Most large cruise ships are not American ships. Most are registered in the Bahamas or Liberia. Most don't have American crews or hotel staff. You probably won't be a member of the crew if you work on a cruise ship. Members of the crew are the documented seamen who sign the ship’s Articles of Sailing and who perform a job listed on the ship’s minimum-safe-manning document. More than likely, if you're an American working on a cruise ship, you'll be a member of the hotel staff.
Pro: New People, Cultures
The hotel staff, of which you'll be a member, doesn't associate with the ship's passengers. Instead, the hotel staff and crew members have their own dining and recreation areas aboard. These are the people you'll associate with daily. Cruise ships are like floating international hotels, and the staff is routinely multinational, although few members are European. There are typically 25 to 30 in the ship’s crew, but the hotel staff will number between 800 and 1,000, so you’ll have the opportunity not only to meet new people, but to encounter new cultures.
Pro: Cheap Adventure
You have the opportunity to travel and get paid -- sometimes to tourist destinations to which everyone travels, sometimes to places off the beaten path. Your living expenses are minimal. You won’t spend money on utilities -- the ship has generators that provide virtually unlimited power -- and the cost of your cabin and groceries is less than it is onshore. Working at sea also provides a unique job experience. If you work in the food and beverage industry, cruise line experience can prove invaluable in future employment.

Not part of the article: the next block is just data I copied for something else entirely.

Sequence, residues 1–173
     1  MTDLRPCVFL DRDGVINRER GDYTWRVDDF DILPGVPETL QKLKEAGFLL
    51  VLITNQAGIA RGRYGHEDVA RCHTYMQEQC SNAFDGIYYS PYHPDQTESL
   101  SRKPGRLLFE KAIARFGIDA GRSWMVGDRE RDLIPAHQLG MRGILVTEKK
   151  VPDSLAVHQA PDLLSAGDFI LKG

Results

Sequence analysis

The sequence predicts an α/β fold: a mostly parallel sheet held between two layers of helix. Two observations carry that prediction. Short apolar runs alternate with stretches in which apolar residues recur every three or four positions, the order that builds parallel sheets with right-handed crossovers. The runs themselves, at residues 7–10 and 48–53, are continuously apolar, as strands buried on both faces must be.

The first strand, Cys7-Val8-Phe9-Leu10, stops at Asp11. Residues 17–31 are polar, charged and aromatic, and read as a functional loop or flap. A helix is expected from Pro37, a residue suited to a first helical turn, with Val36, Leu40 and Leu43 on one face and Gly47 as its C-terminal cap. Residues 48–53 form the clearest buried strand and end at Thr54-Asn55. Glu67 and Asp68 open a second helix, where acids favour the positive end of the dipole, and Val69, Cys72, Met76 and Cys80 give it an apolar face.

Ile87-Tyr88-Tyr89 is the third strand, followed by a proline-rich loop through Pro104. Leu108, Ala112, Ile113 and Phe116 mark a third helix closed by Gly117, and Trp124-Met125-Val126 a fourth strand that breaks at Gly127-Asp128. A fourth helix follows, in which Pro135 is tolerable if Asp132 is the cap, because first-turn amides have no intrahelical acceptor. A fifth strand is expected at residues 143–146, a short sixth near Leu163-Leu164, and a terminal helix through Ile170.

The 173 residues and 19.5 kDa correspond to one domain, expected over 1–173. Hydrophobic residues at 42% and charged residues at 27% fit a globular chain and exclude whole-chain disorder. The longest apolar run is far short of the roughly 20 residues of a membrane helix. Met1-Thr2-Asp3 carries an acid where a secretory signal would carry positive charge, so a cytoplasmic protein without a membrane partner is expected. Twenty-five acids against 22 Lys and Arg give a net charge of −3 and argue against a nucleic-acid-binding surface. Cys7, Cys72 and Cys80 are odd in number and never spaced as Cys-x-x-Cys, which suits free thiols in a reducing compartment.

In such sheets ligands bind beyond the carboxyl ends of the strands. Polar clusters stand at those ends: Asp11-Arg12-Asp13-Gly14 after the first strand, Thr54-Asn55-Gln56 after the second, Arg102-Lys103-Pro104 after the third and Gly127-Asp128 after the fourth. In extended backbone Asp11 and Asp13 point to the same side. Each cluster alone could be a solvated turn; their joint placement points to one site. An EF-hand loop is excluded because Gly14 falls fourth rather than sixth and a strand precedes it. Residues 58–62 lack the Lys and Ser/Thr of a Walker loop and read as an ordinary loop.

Con: Homesickness, Compensation
You’re on one side of the world; your family and friends are on another. A typical contract with a cruise line lasts six months, with little opportunity for outside contact. Shore leave is generally less than five hours, and you'll soon learn to purchase the cheapest phone cards available and write letters. You might carry your cellphone, but the cost of using it will quickly eat up your funds. You are a member of the ship’s staff, not a vacationer.
Wages are not high and vary according to your job. If you're a member of the hotel staff, your total compensation package includes the cost of your room and board, a detail some cruise lines fail to mention. In addition, most cruise lines expect you to work, at least part of the time, without compensation of any kind, and you may find yourself asked to work at any time that you’re aboard.
Con: Quarters, Food
Your cabin won't be private. You'll have as many as five roommates, all of different nationalities and none of whom speak the same language. While cabins may be arranged "boy-girl-boy-girl" on the ship, the individual cabins are not coed. The food is adequate and plentiful, if not gourmet. Most cruise lines have adopted -- for staff -- the same 77-item menu offered to crews in the industry. It isn’t the same fare offered to the passengers and, while there is variety, the quality is that of any other microwavable food. You'll also likely not partake of the fresh food the crew gets in addition to the microwavable staff food.